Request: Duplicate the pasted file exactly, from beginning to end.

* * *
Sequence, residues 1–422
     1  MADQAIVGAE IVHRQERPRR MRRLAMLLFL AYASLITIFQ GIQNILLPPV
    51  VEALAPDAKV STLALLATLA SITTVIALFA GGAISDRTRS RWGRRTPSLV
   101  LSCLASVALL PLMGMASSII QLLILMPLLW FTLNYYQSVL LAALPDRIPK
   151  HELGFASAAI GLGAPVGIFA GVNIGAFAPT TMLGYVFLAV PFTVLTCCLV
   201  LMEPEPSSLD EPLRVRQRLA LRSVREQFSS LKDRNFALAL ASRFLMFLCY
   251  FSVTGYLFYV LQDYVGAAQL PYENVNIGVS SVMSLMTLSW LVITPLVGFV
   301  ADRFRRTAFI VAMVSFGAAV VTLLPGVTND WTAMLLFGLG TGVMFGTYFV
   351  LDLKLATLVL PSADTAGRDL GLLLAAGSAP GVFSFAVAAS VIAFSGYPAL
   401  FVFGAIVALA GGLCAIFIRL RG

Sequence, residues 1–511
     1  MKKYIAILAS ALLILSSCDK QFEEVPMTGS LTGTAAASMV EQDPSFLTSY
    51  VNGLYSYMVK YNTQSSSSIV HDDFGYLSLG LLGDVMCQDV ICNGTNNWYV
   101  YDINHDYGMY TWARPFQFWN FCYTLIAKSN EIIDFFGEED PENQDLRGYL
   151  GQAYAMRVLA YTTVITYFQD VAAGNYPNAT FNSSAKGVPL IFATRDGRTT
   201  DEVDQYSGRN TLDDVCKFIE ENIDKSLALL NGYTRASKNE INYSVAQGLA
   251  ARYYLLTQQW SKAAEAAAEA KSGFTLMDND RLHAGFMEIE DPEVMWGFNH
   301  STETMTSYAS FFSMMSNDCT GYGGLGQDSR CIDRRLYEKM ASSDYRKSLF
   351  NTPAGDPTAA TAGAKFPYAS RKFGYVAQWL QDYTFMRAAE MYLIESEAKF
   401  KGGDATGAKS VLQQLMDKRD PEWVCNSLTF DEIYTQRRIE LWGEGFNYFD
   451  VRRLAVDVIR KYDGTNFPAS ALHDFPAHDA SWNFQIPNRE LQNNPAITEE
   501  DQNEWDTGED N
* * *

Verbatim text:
Sequence, residues 1–422
     1  MADQAIVGAE IVHRQERPRR MRRLAMLLFL AYASLITIFQ GIQNILLPPV
    51  VEALAPDAKV STLALLATLA SITTVIALFA GGAISDRTRS RWGRRTPSLV
   101  LSCLASVALL PLMGMASSII QLLILMPLLW FTLNYYQSVL LAALPDRIPK
   151  HELGFASAAI GLGAPVGIFA GVNIGAFAPT TMLGYVFLAV PFTVLTCCLV
   201  LMEPEPSSLD EPLRVRQRLA LRSVREQFSS LKDRNFALAL ASRFLMFLCY
   251  FSVTGYLFYV LQDYVGAAQL PYENVNIGVS SVMSLMTLSW LVITPLVGFV
   301  ADRFRRTAFI VAMVSFGAAV VTLLPGVTND WTAMLLFGLG TGVMFGTYFV
   351  LDLKLATLVL PSADTAGRDL GLLLAAGSAP GVFSFAVAAS VIAFSGYPAL
   401  FVFGAIVALA GGLCAIFIRL RG

Sequence, residues 1–511
     1  MKKYIAILAS ALLILSSCDK QFEEVPMTGS LTGTAAASMV EQDPSFLTSY
    51  VNGLYSYMVK YNTQSSSSIV HDDFGYLSLG LLGDVMCQDV ICNGTNNWYV
   101  YDINHDYGMY TWARPFQFWN FCYTLIAKSN EIIDFFGEED PENQDLRGYL
   151  GQAYAMRVLA YTTVITYFQD VAAGNYPNAT FNSSAKGVPL IFATRDGRTT
   201  DEVDQYSGRN TLDDVCKFIE ENIDKSLALL NGYTRASKNE INYSVAQGLA
   251  ARYYLLTQQW SKAAEAAAEA KSGFTLMDND RLHAGFMEIE DPEVMWGFNH
   301  STETMTSYAS FFSMMSNDCT GYGGLGQDSR CIDRRLYEKM ASSDYRKSLF
   351  NTPAGDPTAA TAGAKFPYAS RKFGYVAQWL QDYTFMRAAE MYLIESEAKF
   401  KGGDATGAKS VLQQLMDKRD PEWVCNSLTF DEIYTQRRIE LWGEGFNYFD
   451  VRRLAVDVIR KYDGTNFPAS ALHDFPAHDA SWNFQIPNRE LQNNPAITEE
   501  DQNEWDTGED N